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Chorus May you come at last, speeding over your horses' path through the sky, sons of Tyndareus, under the whirling of the radiant stars; you who dwell in heaven, Helen's rescuers, go over the gray-green swell and the dark gray surge of sea-waves, sending the sailors favoring breezes from Zeus; and cast away from your sister her ill-fame from marriage with a barbarian, the punishment she received from the contest on Ida; but she never went to the land of Ilion, to the towers of Phoebus.
Helen Ah! Who was it, either from Phrygia or from Hellas, who cut the pine that brought tears to Ilion? From this wood the son of Priam built his deadly ship, and sailed by barbarian oars to my home, to that most ill-fated beauty, to win me as his wife; and with him sailed deceitful and murderous Kypris, bearing death for the Danaans. Oh, unhappy in my misfortune! But Hera, the holy beloved of Zeus on her golden throne, sent the swift-footed son of Maia. I was gathering fresh rose leaves in the folds of my robe, so that I might go to the goddess of the Bronze House; he carried me off through the air to this luckless land, and made me an object of miserable strife, of strife between Hellas and the sons of Priam. And my name beside the streams of Simois bears a false rumor.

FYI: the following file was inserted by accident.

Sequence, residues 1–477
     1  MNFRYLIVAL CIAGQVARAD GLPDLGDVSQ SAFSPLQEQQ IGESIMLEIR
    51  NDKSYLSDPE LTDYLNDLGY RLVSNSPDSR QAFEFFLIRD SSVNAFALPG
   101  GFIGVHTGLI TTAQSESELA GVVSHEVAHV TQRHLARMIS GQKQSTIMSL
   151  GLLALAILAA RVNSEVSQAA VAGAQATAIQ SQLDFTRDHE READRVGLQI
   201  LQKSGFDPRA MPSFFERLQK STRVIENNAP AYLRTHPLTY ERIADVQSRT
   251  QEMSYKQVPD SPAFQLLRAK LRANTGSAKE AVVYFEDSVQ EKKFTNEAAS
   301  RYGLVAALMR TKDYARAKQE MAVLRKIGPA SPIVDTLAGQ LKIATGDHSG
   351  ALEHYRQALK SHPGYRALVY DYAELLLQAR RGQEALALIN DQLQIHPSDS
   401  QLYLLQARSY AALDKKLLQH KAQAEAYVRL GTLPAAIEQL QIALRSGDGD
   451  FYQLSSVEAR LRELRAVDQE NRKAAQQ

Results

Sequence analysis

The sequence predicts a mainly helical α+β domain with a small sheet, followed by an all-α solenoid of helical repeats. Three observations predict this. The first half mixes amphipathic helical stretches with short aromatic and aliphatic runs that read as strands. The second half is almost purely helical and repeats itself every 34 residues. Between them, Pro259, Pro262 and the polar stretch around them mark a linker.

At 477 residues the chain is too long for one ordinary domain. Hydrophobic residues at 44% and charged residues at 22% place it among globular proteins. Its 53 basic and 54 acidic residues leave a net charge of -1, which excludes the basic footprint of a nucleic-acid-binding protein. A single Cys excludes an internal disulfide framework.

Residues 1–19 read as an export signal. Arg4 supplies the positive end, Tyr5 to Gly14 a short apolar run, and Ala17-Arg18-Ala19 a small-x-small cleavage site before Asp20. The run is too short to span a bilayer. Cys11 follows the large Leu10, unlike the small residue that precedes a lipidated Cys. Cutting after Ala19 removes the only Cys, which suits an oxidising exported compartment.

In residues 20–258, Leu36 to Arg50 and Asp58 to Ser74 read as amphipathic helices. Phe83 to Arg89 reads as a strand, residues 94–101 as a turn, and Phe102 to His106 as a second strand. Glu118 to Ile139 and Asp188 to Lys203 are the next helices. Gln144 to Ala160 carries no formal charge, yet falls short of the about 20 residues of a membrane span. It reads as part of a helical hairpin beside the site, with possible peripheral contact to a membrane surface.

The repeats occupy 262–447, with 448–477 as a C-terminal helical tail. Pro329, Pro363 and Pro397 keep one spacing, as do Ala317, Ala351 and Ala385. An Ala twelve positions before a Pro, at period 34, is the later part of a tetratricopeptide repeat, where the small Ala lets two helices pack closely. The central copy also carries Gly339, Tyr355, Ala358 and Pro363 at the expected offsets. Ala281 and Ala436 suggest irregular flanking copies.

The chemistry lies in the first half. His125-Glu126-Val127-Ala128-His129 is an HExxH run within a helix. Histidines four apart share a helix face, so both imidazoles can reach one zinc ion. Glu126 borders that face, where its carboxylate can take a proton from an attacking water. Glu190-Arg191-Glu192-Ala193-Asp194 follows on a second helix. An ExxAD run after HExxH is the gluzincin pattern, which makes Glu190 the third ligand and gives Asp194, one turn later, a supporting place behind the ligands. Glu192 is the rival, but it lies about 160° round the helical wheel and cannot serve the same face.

Helen Oh! Oh! Maidens of Hellas, the prey of barbarian sailors! An Achaean sailor came, he came bringing tears upon tears to me. Ilion has been destroyed and is left to the enemy's fire through me, the death-giver, through my name, full of suffering. Leda sought death by hanging, in anguish over my disgrace. My husband, after much wandering in the sea, has died and is gone; and Castor and his brother, twin glory of their native land, have vanished, vanished, leaving the plains that shook to their galloping horses, and the schools of reed-fringed Eurotas, scene of youthful labors.
Well, we easily put the other victims on the ship, for they were light; but the bull did not want to go forward along the plank, but kept bellowing loudly, rolling his eyes around; and, arching his back and peering along his horns, he prevented us from touching him. But Helen's husband called out: “O you who sacked the town of Ilion, come pick up this bull on young shoulders, as is the way in Hellas, and cast him into the prow . . . the sacrifice to the dead man.” Then they came at his summons, and caught up the bull and carried him on to the deck. And Menelaos stroked the horse on neck and brow, coaxing it to go aboard. Finally, when the ship was fully loaded, Helen climbed up the ladder with elegant step, and took her seat in the middle of the rowers' benches, and he was near by, Menelaos who was called dead. The rest, equally divided on the right and left sides of the ship, sat down, each beside his man, with swords concealed beneath their cloaks, and the waves were filled wi